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Something Thats Been Bugging Me...

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I know this has probably been repeated MILLIONS of times, but can someone please tell me HOW herpes are spread...i mean, can it be spread in other ways than being sexual? Because I've read by kissing..and if that's the case..then i could have possibly caught this by kissing a family member??? Sorry if I sound stupid, but I'm still trying to know the facts about this..

And another thing that bugs me, why is it that when people go in for blood tests to see if they have it, its possible to come out negative? Isn't that ridiculous?? If that's the case, my thought about this is "TO HELL WITH IT" everyone in the world is gonna catch something someday! :mad:

Sorry if i'm sounding...ridiculous..but seriously:rolleyes:

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Okay, I think you need a little crash course.

By adulthood, 80-90% of Americans are infected with HSV-1. It is typically spread through kissing or near mouth contact open sores, although HSV-1 oral sheds on 18% of days. However increasingly (because people are having more oral sex than ever before), HSV-1 is showing up on people's genitals, and subsequently getting transferred from one set of genitals to another. Some people think that you can get it through sharing utensils/cups with someone with a cold sore but this is unproven/dubious.

Approximately 20% of Americans are infected with HSV-2. It is typically spread through genital contact (any region in the boxer shorts area has been proven to shed however). One is most infectious when one has lesions but HSV-2 sheds genitally up to 25% of the time (more in the first years of infection). Rarely, one can become infected orally, either by kissing someone who has it orally (very very rare) or through oral sex (rare).

A few cases are transmitted through open sores on hands making contract with infected sores, this is called herpes whitlow -- this can be HSV-1 or HSV-2. HSV-2 can occasion be transferred to one's eyes to cause kerastitis but the majority of kerastitis is caused by HSV-1.

An iGG serological blood test is highly accurate and will tell you whether you are positive for HSV-1 or HSV-2. A person can take up to three months to seroconvert from negative to positive though, so you need to go back and check to see if you're infected up until then. Biokits (for HSV-2) and Western Blots are considered ways to verify a diagnosis.

Almost everyone gets HSV-1. The way it's spreading, by 2025, 45% of Americans will be infected by HSV-2 because most people (up to 90%) have no idea that they are infected.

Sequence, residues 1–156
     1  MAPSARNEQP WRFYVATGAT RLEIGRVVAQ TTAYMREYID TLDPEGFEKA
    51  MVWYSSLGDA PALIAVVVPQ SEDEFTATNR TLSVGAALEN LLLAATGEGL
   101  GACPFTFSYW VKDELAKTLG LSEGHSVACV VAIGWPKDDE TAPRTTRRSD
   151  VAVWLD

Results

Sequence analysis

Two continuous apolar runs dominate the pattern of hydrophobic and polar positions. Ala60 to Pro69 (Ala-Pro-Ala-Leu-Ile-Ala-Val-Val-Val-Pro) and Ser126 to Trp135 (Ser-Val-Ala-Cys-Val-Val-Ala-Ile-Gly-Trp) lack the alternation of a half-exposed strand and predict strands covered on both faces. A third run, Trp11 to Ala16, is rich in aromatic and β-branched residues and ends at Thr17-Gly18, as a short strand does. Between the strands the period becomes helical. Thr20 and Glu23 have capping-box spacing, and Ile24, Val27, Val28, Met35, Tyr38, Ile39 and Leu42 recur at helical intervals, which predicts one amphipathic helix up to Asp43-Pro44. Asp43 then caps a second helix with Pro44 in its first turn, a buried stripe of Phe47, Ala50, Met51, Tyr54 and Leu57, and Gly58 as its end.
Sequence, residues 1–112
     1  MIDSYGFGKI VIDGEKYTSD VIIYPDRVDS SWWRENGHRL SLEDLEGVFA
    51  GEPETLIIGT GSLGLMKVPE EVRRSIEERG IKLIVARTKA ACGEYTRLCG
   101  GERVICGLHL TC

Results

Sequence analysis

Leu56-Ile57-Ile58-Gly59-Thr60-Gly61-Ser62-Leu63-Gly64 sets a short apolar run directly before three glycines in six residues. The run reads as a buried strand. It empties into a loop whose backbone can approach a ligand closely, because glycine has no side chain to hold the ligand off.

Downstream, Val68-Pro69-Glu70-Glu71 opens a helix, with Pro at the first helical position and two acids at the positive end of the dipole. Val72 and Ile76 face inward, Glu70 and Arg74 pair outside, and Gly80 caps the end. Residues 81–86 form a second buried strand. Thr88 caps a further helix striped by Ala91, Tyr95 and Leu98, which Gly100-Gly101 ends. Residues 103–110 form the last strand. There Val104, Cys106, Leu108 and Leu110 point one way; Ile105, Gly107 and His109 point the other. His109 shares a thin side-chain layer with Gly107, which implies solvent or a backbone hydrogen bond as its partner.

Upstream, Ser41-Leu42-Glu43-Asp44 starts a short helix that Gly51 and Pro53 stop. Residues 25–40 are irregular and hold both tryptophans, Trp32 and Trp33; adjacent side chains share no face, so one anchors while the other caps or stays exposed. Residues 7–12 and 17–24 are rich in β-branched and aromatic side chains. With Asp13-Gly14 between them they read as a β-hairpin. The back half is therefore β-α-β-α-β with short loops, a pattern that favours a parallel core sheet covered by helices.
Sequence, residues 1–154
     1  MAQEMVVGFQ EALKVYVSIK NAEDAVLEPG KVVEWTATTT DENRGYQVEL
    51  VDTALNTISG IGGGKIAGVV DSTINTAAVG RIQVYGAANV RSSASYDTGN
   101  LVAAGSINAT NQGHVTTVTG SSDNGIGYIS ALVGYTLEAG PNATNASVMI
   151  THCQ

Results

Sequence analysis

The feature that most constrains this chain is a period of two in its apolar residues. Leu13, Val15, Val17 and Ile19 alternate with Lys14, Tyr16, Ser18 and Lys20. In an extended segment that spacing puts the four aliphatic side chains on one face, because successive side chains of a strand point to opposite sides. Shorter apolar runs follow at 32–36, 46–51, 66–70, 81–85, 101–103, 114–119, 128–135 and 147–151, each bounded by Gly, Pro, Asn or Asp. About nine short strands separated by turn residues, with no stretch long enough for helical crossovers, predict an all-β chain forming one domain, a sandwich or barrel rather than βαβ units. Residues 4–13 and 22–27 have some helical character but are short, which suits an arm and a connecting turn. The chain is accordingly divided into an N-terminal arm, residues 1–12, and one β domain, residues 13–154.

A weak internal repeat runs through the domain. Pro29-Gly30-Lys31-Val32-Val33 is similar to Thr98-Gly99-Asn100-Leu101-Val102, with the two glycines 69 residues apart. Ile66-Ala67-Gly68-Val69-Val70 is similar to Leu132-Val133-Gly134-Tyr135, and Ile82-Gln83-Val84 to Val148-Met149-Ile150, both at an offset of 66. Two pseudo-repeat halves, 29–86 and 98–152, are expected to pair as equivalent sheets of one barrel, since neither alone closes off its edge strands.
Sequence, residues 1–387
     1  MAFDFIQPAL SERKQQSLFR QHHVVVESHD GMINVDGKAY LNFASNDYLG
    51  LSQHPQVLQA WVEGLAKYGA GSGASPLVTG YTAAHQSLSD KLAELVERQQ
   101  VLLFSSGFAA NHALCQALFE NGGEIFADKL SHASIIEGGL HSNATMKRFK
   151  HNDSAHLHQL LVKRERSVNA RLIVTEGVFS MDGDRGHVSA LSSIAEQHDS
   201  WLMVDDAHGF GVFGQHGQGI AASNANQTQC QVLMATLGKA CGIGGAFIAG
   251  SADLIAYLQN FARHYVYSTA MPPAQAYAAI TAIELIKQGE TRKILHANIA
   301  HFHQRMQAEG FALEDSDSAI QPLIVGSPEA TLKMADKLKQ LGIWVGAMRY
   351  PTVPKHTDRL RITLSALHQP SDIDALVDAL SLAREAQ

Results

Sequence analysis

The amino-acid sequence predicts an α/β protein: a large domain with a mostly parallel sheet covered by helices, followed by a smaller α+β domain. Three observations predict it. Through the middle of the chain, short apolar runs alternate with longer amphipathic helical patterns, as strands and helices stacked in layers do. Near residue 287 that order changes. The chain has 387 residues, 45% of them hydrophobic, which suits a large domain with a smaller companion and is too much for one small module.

I think that covers it...

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Hi Novagirl,

The links to the right of this forum page have a ton of information. Read them all and you will have a better understanding of everything hsv. ;)

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I think people often get confused about the percentages of person's with Oral HSV1. It's actually about 50% by the time they reach the teen years and 80% above the age of 55 so we older folks seem to be at a disadvantage here.

Some people also question whether it can be transmitted through utensils cups, lip balms, etc. but even the Quest Diagnostics website says to avoid sharing these things to reduce the chances of infection. It is often a question on a new patient form when you go to the dentist so I am inclined to believe this is possible. I also read about research in killing the virus in dental equipment and it was still able to detect the virus even beyond 24 hours. What it did not say was whether it was still viable.

I think it would be wise to avoid sharing objects if there is even the smallest chance of spreading it, for more reasons than just HSV. Have you seen the new commercials about contracting meningitis?

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  • The Hive is Thriving!

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    • MikeHerp
      The prophylactic vaccine trial by GSK took 8 years and they were still not done with it.  That's because it takes time to see whether it works--it's a matter of many people having sex over time and that just takes a lot of time.   A shedding study is quicker, so therapeutic vaccines are quicker to test.  5-6 years I think.  Note that there was a study conducted last year that showed that there's a high correlation between shedding and outbreaks, suggesting that it might not even be necessary to track outbreaks, measuring shedding may be enough. It's unclear what they would be proving in case of a gene editing technique.  I think shedding would be a part of it.  But what else, if anything, I don't know. Anyway, it doesn't necessarily have to take a long time like the GSK prophylactic trials.  
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